The insanity defence: to be sane, or not to be sane

Picture the following situation: you are in the jury at a court case. The defendant, Mr X, has been accused of murder. Mr X has confessed to killing Mr Y, and evidence from reliable witnesses and forensic experts supports this. You have no doubt that Mr X committed the murder.

The defendant’s lawyer calls a forensic psychiatrist to the stand. You haven’t heard of one before- but forensics is used in some TV shows you’ve seen, including CSI and Bones. You wonder what the psychiatrist will say.

The lawyer questions the forensic psychiatrist, who says that Mr X cannot be held accountable for his actions because he was not in a fit mental state at the time of the murder. The psychiatrist states that Mr X has been diagnosed with schizophrenia, which sometimes causes him to be unable to tell what is real. He had been experiencing hallucinations at the time of the murder. Read more »

The good, the bad, and the unintended

Man’s best friend Viagra works wonders against erectile dysfunction. But did you know that it was actually designed to treat heart problems? Scientists at Pfizer only discovered the ‘positive‘ side effects of Viagra during later human trials. Since this unexpected result turned out to be a blessing in disguise, Viagra is a positive example of the 'dual use' of science. ‘Dual use’ simply means that an object or idea can be used for at least two different applications. When talking about dual use in a scientific context, it is mostly associated with the unethical misuse of scientific work – including bioterrorism.

In June 2012, the arrest of Naoko Kikuchi reminded us of the world‘s most dreadful bioterrorism incident. In 1995, 13 commuters died and thousands were injured when Kikuchi, and other members of the Japanese cult “Aum supreme truth”, released the highly toxic nerve gas sarin into Tokyo's subway system during rush hour. Read more »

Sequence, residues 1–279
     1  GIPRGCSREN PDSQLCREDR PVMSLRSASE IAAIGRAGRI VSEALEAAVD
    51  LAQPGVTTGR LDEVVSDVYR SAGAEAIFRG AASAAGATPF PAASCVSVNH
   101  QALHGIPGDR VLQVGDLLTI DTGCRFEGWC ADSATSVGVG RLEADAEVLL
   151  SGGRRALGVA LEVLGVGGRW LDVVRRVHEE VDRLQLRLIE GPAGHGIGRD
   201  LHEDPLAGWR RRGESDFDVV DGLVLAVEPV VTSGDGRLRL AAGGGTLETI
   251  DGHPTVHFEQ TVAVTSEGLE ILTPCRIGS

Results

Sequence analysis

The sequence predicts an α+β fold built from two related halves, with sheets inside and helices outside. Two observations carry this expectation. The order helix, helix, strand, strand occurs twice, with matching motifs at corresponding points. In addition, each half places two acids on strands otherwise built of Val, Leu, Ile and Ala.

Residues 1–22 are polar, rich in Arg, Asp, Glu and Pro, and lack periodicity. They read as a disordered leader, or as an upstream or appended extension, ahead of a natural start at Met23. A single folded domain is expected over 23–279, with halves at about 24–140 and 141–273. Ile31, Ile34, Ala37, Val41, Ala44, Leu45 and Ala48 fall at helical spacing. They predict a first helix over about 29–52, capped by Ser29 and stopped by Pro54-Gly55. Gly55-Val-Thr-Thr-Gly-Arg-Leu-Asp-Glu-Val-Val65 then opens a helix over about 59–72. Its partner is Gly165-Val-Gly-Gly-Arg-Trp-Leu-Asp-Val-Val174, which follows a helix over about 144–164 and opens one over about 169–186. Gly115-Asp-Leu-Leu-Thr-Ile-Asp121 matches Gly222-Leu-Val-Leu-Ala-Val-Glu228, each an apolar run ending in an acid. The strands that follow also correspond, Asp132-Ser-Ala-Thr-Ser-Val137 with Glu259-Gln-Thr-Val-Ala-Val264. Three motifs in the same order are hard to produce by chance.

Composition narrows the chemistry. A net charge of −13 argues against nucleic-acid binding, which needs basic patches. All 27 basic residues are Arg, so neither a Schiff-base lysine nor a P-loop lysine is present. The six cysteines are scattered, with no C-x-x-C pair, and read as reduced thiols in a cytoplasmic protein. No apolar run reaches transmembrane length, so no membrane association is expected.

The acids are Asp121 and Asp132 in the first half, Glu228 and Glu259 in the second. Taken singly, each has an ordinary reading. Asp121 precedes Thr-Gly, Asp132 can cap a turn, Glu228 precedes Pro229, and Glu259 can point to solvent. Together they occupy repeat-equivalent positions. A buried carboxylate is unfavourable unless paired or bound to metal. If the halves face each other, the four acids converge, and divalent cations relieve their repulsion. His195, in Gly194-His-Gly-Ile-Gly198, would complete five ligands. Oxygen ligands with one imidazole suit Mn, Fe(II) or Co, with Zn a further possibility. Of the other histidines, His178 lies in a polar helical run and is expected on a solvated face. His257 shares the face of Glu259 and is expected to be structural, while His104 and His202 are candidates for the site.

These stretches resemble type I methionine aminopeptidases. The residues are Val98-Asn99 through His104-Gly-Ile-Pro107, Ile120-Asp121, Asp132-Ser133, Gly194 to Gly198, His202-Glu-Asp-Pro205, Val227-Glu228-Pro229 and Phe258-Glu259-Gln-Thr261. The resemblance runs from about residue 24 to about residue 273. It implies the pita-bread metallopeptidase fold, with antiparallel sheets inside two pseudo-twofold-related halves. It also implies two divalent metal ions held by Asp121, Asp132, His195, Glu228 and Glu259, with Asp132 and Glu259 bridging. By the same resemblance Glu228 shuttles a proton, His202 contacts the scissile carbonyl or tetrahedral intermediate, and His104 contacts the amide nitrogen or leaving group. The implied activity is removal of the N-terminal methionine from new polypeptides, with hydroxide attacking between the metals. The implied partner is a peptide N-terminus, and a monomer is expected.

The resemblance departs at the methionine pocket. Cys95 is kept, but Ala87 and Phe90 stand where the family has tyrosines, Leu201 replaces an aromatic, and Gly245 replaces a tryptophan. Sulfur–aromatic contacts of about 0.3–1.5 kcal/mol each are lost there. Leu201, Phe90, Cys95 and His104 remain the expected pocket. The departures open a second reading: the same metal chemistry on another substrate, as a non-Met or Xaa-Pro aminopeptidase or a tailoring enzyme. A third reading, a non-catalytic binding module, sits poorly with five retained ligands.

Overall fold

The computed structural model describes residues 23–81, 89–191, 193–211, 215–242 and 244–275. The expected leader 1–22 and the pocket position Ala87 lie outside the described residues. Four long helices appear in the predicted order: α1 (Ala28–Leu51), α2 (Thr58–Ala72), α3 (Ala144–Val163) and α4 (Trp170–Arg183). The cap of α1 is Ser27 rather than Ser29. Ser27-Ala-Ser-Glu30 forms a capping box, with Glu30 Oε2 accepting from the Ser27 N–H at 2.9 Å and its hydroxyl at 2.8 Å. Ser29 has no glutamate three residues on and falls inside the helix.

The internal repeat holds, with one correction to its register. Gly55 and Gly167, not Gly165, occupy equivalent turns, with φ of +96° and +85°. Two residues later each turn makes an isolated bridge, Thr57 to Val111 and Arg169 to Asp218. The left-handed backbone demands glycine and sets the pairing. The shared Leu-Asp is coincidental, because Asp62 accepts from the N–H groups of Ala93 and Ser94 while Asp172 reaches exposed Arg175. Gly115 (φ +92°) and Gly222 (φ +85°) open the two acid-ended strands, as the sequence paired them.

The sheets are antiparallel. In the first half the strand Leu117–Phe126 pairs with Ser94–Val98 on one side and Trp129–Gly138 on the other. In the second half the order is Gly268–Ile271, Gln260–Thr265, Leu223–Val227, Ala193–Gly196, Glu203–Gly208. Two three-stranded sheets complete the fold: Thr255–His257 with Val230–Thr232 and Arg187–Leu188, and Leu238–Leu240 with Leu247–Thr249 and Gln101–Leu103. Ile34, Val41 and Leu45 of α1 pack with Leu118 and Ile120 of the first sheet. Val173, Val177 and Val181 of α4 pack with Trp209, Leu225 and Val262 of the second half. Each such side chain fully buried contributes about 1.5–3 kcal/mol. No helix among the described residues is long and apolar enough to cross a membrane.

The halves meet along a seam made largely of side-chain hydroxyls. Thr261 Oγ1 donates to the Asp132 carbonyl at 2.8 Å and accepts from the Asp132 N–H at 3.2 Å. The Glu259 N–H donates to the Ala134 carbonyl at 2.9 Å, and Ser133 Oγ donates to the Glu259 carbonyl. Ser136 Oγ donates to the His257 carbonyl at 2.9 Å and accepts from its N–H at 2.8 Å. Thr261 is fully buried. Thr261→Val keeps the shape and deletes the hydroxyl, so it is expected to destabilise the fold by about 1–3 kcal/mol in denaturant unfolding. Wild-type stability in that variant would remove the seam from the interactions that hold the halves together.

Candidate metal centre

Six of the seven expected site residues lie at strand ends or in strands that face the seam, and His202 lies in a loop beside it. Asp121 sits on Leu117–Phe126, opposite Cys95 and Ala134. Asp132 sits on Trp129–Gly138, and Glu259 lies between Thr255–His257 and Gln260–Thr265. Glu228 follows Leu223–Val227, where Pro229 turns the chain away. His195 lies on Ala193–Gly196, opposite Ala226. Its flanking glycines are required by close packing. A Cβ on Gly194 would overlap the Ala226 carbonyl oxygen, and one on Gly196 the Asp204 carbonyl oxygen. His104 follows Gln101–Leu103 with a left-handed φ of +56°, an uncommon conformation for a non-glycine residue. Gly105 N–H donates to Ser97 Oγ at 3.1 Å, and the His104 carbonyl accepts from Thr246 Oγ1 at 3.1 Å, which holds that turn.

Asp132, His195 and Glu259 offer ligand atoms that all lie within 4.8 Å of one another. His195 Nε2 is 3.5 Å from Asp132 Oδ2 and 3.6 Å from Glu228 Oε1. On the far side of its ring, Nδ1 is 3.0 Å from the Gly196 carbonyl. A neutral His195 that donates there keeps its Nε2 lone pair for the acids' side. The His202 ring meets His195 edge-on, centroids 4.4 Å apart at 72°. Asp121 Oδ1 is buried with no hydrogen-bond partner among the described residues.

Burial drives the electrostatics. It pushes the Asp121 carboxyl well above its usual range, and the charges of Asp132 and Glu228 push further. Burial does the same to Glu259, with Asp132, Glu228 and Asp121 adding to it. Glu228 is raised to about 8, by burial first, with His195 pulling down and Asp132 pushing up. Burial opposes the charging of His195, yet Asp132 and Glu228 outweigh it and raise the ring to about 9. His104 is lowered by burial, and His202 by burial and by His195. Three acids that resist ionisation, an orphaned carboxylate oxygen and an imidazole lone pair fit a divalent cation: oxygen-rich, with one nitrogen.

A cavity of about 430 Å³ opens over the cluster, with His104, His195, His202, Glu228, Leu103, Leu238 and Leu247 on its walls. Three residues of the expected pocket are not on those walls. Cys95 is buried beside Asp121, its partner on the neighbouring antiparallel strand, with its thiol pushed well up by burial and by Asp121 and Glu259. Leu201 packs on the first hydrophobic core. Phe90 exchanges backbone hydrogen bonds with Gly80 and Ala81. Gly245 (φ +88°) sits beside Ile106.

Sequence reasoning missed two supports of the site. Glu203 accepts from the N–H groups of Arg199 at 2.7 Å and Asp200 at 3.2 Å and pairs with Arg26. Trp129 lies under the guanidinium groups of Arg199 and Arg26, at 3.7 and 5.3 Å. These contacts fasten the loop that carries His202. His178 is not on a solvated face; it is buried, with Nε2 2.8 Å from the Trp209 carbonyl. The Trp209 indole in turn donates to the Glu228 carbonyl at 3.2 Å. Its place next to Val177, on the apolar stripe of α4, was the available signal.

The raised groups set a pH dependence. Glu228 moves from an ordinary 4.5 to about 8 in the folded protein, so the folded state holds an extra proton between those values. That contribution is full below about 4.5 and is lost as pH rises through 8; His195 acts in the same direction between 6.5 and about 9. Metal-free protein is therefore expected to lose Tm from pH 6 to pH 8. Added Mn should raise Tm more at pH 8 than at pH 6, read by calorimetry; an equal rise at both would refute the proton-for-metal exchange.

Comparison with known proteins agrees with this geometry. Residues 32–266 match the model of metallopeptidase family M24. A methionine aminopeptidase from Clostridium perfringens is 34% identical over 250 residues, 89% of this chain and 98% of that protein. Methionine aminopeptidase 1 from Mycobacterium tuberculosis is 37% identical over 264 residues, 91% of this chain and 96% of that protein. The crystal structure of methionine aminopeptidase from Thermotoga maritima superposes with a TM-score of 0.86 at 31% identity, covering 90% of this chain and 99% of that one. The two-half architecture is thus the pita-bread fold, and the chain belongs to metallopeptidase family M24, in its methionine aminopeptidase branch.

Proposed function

The data doesn't lie (but scientists do)

In a recent market research poll, nearly three quarters of people said they would trust a scientist to tell them the truth. Scientists’ trustworthiness was ranked even higher than the clergy, the police, and the press. Given the public trust in scientists, one would expect a high rate of truthfulness in the literature. However, by analysing data from previous independent studies, Dr Daniele Fanelli from the University of Edinburgh found that two per cent of scientists owned up to modifying, fabricating, or stealing data at least once. Even more starkly, more than a third know a colleague who has committed such a cardinal sin.

Misconduct implies malice: it’s altering images and doctoring data and stealing stats, but not an honest error or an inability to reproduce results. Even so, misconduct accounts for around half of the papers retracted from journals, according to the journal Nature. But why is scientific fraud so rife? Read more »

Science and crime

Popular crime dramas such as CSI, Bones, and NCIS, have triggered an increased public interest in forensic science. Scientific tools to investigate suspicious deaths have been handed down since 1248 AD, when the Chinese described how to distinguish drowning from strangulation. But scientific tools have also been used by innovative criminals to commit clever crimes, showing that science can be used for both solving and committing a crime. In this issue’s Focus, we take a closer look at this ambivalent relationship between science and crime. Read more »

CSI Edinburgh

Crime scenes nowadays are immediately blocked off by white tents, police cars, and crime tape, and are crowded by forensic scientists and police detectives. Most of the evidence is collected at this time, for identification and conviction of the criminal(s). Fingerprints, DNA, and other material are gathered and taken back to the lab for analysis. Many popular TV series, including Crime Scene Investigation (CSI), have made us familiar with this process, and it is difficult to think of crime investigation without bringing to mind these highly advanced scientific techniques, even if some shown on CSI are still fictitious. Read more »